-Austin Rivers. He may not have been the best talent out there, but if they hadn’t had their eyes so firmly fixed on Nash, I don’t imagine that they pass on him.

        - Yes, I recognize that mock drafts had him ranked lower, and I recognize that mock drafts often get things wrong (just as GMs do in real life). Nonetheless, the consensus was that the Raptors picked a guy who was not the most talented player on the board. I’d argue that BC and co has not had a stellar record of picking winners in the draft who are coming out of nowhere. Perhaps going with the dark horse isn’t the best approach for him.

        • You say that they should have taken Austin Rivers, despite admitting that “he may not have been the best talent out there,” but then criticize Colangelo and the Raptors for taking a guy “who was not the most talented on the board.” So why would it have been okay to take Rivers over Ross if neither of them was a standout talent?

          I like Rivers, but I assure you, if it wasn’t for his name and the whole “swagger” he carries, people would realize that Ross is the more complete player.

          • I’ll take Terrence Ross over Austin Rivers any time. LOVE the pick. LOVE what i see from the kid. Austin Rivers is an undersized shooting guard, not a point guard. They rarely pan out. Anybody remember college stud Shawn Respert? What kind of NBA career did he have? I don’t think Rivers will be a star in the NBA, he’ll be a scorer off the bench. Ross is a way more complete player. And Kyle Lowry is such a better point guard than Austin Rivers, it’s not even close.

          • You’re right, I weakened my argument there. I suppose the point I was aiming to get at, which has since been distracted, is that it looks to me as though the BC plan this off-season was to draft a wing player, and have Nash be the big-ticket item. The all-in approach was his play.

            In general, I like this approach from sports General Managers – roll the dice and hope for the best. However, in this case, the risk was designed to lure a marketing device to town, not the best player to make the team win. This tells us one of two things: either BC fears that the fans/media are losing interest in the Raptors under his watch and he needs to do something to draw us back, or – and much worse for everyone – MLSE has that fear, and is forcing him to try to put something entertaining on the court to fill the seats and increase the ratings.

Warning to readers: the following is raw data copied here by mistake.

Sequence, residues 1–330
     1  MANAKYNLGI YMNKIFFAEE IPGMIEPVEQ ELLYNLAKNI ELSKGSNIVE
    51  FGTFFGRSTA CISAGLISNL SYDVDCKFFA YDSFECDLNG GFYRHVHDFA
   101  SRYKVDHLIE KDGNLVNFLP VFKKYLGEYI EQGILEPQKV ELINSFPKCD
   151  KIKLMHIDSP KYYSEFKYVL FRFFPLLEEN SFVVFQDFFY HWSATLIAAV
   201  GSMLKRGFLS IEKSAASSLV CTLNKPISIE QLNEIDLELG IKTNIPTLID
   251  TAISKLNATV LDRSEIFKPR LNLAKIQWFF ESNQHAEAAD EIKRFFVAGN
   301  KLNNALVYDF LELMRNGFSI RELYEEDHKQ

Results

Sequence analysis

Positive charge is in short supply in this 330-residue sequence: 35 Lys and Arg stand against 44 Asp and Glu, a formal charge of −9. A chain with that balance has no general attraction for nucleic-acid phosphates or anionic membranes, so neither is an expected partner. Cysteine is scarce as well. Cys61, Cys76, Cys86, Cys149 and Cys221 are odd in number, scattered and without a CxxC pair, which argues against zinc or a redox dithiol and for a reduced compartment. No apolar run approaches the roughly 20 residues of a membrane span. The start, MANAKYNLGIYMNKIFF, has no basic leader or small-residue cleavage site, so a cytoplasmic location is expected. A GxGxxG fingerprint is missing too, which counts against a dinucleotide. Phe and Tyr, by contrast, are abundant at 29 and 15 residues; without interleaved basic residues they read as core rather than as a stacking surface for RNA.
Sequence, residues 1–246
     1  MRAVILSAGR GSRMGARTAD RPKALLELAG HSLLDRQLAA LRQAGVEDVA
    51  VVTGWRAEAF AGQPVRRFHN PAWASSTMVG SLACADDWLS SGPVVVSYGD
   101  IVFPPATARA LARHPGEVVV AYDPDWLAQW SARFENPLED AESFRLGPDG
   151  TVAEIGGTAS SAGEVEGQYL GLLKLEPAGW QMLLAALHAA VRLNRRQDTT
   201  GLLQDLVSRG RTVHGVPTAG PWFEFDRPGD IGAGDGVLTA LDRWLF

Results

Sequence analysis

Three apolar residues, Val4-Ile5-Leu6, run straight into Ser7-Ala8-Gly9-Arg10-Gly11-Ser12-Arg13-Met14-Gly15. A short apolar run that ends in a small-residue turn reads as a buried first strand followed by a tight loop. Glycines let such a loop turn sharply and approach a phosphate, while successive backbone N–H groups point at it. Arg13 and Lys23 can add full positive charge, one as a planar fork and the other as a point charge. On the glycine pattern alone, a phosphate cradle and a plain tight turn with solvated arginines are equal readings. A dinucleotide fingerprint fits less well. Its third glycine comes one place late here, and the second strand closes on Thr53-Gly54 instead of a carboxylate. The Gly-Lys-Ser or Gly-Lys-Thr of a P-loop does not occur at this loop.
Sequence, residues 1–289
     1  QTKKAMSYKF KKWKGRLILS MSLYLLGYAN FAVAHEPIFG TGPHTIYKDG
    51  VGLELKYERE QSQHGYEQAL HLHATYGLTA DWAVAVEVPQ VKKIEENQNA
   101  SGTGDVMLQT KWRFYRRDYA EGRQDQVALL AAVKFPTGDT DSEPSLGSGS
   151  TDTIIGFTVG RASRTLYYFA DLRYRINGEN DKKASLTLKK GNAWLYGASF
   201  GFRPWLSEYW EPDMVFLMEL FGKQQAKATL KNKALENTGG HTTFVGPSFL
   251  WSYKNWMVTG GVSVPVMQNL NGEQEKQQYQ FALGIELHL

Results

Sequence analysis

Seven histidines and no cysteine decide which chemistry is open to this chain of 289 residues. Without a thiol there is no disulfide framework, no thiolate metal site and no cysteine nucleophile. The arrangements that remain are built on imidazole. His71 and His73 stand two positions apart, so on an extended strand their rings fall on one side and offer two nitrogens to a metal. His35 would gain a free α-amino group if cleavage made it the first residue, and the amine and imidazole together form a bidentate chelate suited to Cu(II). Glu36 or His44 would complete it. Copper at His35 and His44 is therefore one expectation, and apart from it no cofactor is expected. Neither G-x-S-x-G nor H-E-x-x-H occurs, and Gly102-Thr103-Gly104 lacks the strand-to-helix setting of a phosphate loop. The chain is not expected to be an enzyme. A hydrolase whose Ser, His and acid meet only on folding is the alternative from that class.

Either way, his attempt to draw the circus to town failed, and his credibility has been eroded further. If it is MLSE that is forcing this move, then BC’s in a heap of trouble, and the writing is on the wall for him. And if that is indeed the case, as I suspect it is, the sooner he gets canned, a new GM comes in, flushes the organization and rebuilds it as he/she sees fit, the better.

  12. …also, a lot of west coast basketball fans root for the lakers (as well as some clippers and blazers fans) because the timezone difference makes rooting for an Eastern Conference team difficult.

  13. The Lakers made a big mistake going after Nash. Nash is a terrible defender. He can’t guard the point guard position at all, and will need a 2-guard to do his defending for him. That’s fine if the Lakers had a 2-guard who can defend for him, but they won’t. Matt Barnes is leaving.

    So now Lakers has a HUGE defensive liability at the 1 spot. And guess who they have to go through to get out of the West? San Antonio and Oklahoma, who both have AMAZING point guards. Tony Parker is going to carve Nash up like a Thanksgiving turkey. And if Parker doesn’t finish the job, Westbrooke from Oklahoma will.

    • The Lakers also have that other 2-guard. What’s his name…..something Bryant, I think. Pretty good defender, too, from what I gather. I think they’re front line is also pretty good defensively.

      Nash is certainly a liability defensively, but let’s not start finding reasons to criticize him because he picked the Lakers over Toronto. He’s still one of the top 20 players in the league and makes any team better just stepping on the court with them.

    • We don’t know anything about Nash’s D in the context of having Gasol and Bynum backing him up. Hell, when’s the last time he had a legit pair of defensive stoppers behind him (or even one)?

      I don’t think the Lakers really care about his D. Besides, didn’t Westbrook average something like 25 against them in the playoffs anyway? Nash being burned by Westbrook is probably preferable to Durant raining threes on them all day.

  14. Hyde-Lay is a douche with SMS.